There are four stories in this extra-long anniversary issue, and not a dud among them! As deals go, this is a good one, with our new Batgirl writers coming out with the heavy ammunition in not one, but two of the included tales–one of which looks like it will be the kick-off to the ongoing series.
Also especially worth noting, art from the likes of Paul Pelletier of Aquaman fame (among others, including previous work on Batgirl), Tom Derenick who’s been with us throughout Injustice, and Emanuela Lupacchino who won my heart with her work on Starfire. Dan Panosian rounds out the foursome. I loved his work on Batwoman, but the style is a bit hardlined for the story he renders in this book–it works, but I would have liked to have seen a softer touch given the narrative.
So let’s get to it:
In “The Reason”, Mairghread Scott starts off with a somewhat uncomfortable story that connects quite comfortably into where we’ve left off in Batgirl’s life. There is a bit of goofiness here: why is Babs lurking up in the balcony in her costume when she could have done the respectable thing and just showed up as herself “incognito” to pay proper tribute at the funeral. But that’s okay, I think, because what unfolds is interesting enough to make forgiving that little bit of thoughtlessness easy.
This is a great story that not only ties up some loose threads, but carries over from the Batwedding and Batgirl’s tie-book to that failed event. The tie-in was already pretty strong, but this story helps it to resonate even further, and gives us all some perspective on what went down in the church with the Joker, and some closure.
From one church to another; it’s visually beautiful
The first story actually leads directly into the second one, penned by Marguerite Bennett. “Hopeless Romantic” serves, perhaps as an epilogue for the whole, and will no doubt please many fans who feel strongly that Dick and Babs belong together. Forever.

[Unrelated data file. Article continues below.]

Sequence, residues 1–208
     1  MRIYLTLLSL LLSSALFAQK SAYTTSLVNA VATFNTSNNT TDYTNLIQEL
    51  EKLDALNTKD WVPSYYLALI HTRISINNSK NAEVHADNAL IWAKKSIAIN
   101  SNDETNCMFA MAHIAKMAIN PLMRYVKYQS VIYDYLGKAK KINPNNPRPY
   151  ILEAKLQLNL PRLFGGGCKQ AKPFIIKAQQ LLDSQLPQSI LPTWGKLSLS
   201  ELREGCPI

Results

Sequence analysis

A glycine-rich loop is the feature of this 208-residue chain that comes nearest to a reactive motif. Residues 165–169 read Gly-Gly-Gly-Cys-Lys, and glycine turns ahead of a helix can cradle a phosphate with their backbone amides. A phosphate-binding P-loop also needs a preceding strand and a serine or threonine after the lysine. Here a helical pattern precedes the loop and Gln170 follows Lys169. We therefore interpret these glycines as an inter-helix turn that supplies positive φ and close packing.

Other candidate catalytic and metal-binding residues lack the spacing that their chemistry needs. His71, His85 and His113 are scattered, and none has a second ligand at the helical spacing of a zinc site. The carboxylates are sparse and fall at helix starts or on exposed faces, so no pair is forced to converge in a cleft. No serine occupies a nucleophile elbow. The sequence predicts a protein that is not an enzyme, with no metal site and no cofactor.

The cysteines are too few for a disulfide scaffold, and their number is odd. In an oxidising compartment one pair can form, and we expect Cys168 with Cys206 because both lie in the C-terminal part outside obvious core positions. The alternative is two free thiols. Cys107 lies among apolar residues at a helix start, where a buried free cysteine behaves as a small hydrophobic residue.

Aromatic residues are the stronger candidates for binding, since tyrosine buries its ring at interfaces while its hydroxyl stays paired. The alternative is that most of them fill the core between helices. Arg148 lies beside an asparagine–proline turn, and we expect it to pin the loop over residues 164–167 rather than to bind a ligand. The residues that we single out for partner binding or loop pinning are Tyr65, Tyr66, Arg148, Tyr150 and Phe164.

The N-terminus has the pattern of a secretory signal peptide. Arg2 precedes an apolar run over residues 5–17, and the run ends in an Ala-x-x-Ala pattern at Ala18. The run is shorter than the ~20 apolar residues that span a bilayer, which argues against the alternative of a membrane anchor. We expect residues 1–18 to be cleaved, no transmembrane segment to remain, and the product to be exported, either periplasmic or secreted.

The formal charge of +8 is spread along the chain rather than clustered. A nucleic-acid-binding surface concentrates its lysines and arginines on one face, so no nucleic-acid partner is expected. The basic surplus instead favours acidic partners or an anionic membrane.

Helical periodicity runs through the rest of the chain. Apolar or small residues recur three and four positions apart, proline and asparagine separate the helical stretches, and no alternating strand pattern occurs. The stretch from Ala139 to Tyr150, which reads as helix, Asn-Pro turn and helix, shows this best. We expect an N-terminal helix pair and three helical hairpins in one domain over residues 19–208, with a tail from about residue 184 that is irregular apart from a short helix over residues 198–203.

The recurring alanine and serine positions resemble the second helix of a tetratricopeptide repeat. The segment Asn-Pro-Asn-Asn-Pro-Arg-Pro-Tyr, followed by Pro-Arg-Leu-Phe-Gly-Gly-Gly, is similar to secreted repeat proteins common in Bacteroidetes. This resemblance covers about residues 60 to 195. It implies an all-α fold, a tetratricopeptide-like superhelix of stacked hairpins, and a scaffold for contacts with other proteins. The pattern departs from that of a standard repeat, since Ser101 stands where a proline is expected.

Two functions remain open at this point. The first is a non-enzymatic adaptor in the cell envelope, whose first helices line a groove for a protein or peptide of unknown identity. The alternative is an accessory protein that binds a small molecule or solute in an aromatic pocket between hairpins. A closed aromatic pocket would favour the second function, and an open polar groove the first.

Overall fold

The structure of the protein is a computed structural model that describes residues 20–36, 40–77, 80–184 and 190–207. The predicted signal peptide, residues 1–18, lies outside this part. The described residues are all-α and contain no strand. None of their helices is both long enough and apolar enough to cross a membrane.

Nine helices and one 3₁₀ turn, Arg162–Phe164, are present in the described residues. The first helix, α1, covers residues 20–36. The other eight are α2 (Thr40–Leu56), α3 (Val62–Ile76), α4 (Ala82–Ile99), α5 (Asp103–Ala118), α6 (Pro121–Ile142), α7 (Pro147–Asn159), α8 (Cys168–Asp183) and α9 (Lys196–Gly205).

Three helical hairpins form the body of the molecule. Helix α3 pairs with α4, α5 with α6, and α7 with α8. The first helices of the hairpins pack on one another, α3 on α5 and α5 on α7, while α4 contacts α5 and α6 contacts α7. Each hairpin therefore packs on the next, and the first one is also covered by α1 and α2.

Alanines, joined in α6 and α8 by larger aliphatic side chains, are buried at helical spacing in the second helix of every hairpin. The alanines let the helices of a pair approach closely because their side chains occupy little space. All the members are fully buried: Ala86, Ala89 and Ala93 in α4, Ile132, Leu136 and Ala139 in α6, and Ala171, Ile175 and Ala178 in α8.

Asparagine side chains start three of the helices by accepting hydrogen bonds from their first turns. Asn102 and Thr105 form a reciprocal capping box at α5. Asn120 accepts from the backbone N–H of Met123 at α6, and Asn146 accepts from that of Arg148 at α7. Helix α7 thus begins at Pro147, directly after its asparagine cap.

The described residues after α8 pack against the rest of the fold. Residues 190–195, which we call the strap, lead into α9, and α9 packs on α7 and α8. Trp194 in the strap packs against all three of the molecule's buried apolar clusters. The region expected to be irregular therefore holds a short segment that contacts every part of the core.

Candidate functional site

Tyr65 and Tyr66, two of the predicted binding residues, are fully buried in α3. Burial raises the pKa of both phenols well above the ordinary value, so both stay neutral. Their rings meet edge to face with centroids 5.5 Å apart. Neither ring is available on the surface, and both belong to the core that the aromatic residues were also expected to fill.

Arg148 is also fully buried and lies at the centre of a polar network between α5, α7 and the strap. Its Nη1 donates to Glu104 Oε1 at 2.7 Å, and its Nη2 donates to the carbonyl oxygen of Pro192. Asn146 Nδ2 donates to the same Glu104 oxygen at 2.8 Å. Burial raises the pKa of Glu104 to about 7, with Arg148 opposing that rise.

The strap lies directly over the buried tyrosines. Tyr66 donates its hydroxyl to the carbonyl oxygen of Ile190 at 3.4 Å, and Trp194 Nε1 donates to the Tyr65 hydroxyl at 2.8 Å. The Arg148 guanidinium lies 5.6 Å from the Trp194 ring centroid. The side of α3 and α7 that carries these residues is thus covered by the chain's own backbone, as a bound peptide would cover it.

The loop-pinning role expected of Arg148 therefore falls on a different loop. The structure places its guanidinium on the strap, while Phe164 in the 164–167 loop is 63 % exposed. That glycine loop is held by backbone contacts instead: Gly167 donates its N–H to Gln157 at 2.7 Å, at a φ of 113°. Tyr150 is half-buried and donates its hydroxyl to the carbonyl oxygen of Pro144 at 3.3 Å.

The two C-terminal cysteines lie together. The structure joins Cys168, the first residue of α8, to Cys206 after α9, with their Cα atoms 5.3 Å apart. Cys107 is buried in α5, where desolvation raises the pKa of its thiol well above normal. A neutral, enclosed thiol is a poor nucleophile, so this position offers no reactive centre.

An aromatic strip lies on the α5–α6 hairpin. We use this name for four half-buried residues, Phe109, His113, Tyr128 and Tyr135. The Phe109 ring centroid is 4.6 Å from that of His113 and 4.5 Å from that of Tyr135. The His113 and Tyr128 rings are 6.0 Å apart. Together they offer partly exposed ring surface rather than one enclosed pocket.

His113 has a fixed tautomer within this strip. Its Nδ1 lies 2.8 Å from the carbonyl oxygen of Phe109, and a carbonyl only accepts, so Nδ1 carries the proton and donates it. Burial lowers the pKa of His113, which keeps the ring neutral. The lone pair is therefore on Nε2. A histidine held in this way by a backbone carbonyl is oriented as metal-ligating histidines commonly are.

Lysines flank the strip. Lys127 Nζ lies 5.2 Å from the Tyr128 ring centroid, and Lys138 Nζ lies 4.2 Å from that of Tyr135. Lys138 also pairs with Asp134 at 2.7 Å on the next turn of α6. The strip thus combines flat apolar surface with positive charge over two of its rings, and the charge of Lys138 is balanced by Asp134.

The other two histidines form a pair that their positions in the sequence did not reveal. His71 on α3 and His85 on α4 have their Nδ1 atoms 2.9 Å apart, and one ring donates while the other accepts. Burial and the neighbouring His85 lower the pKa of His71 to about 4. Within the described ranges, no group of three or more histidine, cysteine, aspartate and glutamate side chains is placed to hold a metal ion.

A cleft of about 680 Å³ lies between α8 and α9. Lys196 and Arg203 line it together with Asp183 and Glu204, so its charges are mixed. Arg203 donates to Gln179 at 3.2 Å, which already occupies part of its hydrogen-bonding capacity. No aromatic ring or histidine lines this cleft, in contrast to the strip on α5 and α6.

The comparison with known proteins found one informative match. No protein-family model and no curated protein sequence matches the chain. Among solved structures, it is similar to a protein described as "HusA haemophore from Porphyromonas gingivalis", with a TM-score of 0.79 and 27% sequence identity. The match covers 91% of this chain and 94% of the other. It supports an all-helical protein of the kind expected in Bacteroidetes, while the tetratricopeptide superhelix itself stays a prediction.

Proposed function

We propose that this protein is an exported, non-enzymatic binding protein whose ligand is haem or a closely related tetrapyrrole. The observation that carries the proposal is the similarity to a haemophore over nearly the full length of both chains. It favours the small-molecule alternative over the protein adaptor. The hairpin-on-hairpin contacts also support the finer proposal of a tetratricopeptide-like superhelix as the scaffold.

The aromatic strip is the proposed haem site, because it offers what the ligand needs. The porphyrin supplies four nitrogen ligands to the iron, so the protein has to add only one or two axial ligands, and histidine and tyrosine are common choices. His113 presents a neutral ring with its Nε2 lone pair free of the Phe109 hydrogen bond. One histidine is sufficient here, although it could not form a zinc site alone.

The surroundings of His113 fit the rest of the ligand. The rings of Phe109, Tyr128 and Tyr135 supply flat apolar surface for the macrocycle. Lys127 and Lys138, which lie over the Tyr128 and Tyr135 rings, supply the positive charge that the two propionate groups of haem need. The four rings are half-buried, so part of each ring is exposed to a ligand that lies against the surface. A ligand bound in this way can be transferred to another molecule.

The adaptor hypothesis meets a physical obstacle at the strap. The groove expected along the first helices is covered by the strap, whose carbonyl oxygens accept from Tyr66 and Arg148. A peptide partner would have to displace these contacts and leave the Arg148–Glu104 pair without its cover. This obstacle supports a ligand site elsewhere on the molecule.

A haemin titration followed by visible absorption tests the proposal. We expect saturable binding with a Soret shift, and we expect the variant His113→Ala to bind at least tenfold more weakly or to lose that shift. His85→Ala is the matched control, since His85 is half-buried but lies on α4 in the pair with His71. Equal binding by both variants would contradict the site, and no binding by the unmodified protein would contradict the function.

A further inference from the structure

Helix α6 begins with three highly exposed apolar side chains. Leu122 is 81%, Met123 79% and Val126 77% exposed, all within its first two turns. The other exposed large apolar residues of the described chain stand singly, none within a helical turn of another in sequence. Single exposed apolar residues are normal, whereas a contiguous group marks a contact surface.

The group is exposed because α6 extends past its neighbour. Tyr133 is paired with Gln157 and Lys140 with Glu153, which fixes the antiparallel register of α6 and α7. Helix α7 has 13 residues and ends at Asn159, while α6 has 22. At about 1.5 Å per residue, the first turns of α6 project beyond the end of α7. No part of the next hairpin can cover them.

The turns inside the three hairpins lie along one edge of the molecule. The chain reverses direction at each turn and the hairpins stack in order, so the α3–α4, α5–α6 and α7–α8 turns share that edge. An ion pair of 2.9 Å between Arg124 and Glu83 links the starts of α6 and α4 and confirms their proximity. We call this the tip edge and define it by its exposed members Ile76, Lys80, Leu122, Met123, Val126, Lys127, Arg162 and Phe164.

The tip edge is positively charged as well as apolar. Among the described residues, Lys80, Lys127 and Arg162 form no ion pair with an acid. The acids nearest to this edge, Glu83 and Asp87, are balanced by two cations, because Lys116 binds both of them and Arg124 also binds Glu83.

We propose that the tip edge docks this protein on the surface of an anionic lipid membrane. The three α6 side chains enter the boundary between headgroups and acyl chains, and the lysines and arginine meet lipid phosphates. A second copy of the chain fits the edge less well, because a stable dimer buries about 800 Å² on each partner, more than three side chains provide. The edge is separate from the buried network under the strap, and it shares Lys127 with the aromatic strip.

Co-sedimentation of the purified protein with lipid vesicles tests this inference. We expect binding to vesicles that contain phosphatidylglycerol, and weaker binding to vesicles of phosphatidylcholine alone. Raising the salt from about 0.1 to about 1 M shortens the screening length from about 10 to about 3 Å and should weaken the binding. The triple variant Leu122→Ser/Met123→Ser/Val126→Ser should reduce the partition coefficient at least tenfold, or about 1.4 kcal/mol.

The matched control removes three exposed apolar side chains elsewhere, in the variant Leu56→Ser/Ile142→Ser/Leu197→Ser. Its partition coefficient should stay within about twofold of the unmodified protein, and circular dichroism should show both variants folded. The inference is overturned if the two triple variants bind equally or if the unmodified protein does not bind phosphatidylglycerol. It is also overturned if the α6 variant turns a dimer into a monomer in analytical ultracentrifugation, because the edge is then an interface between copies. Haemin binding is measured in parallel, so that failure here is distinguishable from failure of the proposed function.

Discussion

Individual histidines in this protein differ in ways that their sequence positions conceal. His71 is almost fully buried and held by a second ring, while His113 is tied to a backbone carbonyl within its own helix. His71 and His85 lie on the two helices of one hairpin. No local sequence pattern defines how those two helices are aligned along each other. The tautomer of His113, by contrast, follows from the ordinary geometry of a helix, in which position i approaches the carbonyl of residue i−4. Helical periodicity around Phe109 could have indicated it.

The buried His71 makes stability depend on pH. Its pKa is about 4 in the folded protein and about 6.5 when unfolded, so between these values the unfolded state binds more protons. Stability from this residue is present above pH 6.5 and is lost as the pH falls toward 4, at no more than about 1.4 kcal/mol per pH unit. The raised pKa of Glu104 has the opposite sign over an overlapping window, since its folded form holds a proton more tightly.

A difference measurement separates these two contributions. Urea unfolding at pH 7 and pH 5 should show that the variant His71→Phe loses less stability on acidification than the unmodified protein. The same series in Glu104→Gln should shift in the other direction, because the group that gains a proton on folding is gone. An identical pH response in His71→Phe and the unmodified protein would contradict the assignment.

Barbara Gordon is feeling pretty low. Things have turned out badly and she’s recently been struggling with a lot of upheaval. There’s been a refrain, most lately reinforced by the mother of a slain acquaintance in the previous story, that she needs to be with someone.
So she calls Dick.
I think what’s loveliest about this story is that Bennett is careful not to overpromise. Dick and Babs hijack Bruce and Selina’s unused Honeymoon Suite (there’s some silliness there, but who cares–Dick and Babs are together in a Honeymoon Suite, right?), and they just talk. That’s it. That’s the comic. But what they say is important and Bennett handles the characters and their conversation well. I won’t tell you how it turns out, but I will say I’m really looking forward to seeing whether this will carry over into the regular on-going series of both characters.
Nothing subtle about that
Our third story, “Value” returns us to Mairghread Scott and I kind of have to wonder why, editorially, this one wasn’t placed last since it appears to be the launching place for where Batgirl goes next.